1. Clean the outside of the glass with the glass cleaner. Dry the glass completely. Rub-ons don’t work well when there are body oils or dirt on the surface.
2. From a sheet of rub-ons, cut out the design you want to transfer to the glass.
3. Place the cut design, face (sticky-side) down on the glass.
4. With one hand, hold the transfer paper in place. With the other hand, use the transfer tool (popsicle stick) to rub the back of the design. Firmly pressing down as you rub will transfer the design to the glass. Sometimes it takes several passes to get the transfer to stick. Don’t worry. That’s normal.
5. As you rub an area, pick up the edges of the paper just a little bit. You’ll be able to see where the transfer isn’t sticking. Just go back and rub, rub, rub. When you’re done pressing the design onto the glass, carefully pull back the paper liner. Ta da! Now you have a beautiful vase for a centerpiece.
Rub-ons are available in hundreds (thousands?!) of different designs.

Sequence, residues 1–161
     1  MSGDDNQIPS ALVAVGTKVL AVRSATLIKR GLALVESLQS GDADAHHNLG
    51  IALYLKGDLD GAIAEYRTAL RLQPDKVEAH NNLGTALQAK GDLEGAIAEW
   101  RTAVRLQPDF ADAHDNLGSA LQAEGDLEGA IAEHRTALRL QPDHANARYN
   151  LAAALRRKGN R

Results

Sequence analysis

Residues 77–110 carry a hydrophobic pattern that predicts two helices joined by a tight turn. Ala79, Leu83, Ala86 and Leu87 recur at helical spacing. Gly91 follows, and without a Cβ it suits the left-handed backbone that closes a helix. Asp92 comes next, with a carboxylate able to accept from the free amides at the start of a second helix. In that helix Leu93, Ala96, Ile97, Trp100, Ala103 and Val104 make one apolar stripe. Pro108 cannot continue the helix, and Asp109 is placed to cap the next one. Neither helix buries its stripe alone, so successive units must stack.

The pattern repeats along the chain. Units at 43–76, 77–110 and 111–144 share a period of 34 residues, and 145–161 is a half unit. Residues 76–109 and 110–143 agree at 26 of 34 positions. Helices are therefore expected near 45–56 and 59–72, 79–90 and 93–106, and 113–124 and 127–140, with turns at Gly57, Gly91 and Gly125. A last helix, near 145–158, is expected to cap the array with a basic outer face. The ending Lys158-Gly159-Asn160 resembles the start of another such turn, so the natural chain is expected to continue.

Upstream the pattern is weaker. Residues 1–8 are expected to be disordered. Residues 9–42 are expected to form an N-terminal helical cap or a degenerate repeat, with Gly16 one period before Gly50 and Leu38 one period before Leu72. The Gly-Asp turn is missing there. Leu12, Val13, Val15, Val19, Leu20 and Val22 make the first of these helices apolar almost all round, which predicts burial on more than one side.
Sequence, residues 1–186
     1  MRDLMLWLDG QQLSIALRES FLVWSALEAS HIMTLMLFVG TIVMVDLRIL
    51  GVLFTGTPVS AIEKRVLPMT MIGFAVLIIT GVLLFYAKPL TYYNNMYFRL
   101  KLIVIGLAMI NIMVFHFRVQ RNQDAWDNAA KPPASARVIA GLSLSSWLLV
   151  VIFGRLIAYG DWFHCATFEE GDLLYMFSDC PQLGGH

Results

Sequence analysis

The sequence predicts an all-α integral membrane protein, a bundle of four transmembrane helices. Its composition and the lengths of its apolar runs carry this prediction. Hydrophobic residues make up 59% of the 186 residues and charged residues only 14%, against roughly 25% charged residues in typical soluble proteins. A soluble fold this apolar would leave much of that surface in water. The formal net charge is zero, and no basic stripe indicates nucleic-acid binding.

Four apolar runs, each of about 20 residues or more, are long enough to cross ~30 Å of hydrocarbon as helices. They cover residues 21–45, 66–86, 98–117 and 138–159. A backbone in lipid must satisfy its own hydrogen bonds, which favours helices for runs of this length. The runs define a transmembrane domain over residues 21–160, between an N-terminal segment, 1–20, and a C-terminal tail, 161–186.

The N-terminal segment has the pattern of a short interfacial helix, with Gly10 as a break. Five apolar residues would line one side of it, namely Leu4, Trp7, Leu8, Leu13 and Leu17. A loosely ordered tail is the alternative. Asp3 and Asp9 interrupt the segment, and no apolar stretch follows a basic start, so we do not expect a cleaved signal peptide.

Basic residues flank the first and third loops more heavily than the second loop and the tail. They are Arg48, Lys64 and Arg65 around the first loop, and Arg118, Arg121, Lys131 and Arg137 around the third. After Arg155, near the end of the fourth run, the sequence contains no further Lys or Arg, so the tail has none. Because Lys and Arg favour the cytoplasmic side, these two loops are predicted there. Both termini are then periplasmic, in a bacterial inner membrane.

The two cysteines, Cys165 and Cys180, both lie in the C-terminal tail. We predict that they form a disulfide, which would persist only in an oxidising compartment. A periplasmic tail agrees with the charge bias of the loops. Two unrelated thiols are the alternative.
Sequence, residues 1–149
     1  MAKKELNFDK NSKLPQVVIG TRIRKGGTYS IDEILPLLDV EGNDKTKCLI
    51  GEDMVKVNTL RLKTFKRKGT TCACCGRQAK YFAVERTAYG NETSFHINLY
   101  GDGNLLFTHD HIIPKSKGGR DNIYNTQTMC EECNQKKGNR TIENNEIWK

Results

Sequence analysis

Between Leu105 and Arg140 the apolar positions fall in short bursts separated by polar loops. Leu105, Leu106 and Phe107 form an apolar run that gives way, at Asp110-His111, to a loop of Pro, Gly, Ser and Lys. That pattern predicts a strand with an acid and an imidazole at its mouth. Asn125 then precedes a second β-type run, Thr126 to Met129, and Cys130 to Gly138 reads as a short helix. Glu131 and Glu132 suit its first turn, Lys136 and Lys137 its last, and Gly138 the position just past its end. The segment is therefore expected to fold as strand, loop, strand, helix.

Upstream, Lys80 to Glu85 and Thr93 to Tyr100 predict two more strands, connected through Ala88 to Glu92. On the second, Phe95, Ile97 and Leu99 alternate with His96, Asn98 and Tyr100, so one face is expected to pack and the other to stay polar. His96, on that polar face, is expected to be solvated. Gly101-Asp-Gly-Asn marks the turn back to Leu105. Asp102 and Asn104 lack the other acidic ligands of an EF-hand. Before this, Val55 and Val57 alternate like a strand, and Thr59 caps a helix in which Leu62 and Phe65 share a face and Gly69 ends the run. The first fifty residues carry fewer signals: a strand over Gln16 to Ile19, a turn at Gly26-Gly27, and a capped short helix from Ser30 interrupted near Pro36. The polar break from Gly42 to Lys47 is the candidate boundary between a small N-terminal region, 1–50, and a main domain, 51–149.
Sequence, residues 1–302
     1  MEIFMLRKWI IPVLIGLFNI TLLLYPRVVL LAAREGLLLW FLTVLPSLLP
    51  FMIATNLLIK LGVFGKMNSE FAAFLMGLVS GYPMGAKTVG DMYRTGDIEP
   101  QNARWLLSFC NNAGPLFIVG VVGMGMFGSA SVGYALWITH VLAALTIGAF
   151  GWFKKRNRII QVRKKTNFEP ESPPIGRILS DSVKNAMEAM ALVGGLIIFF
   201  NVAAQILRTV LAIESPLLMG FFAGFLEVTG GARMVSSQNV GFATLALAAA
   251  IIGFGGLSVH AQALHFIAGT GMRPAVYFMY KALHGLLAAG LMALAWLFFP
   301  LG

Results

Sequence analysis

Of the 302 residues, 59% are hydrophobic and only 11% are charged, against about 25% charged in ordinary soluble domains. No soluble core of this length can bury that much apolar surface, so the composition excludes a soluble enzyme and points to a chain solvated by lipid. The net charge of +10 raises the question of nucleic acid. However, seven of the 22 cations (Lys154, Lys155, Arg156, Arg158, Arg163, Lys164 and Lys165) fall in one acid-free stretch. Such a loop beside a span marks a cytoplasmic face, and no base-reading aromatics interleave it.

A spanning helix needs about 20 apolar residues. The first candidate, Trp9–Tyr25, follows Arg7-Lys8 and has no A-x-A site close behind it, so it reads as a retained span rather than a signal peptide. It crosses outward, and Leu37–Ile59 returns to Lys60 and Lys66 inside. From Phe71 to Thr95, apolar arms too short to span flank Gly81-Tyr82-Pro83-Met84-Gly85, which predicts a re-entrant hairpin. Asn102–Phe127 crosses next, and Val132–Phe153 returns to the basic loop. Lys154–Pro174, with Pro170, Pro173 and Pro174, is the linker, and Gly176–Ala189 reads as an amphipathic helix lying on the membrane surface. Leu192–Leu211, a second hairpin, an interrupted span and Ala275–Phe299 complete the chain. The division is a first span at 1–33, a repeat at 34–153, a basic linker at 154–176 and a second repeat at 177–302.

Most are available in black or white but many manufacturers also have them in full color. Cool, right?
The bummer is that most packages have only 1 sheet per package with several different designs/motifs per page. If you need to have all matchy-matchy vases, you’ll need to buy several packages of rub-ons and that can get spendy.
The package used in this project, from Tinkering Ink, cost $6.99 at my local scrapbook store. Not outrageous, but definitely something to consider when you’re budgeting.
Rub-ons can be used on paper, metal, class, tile, wood … nearly any smooth surface. And they work on any color surface, too.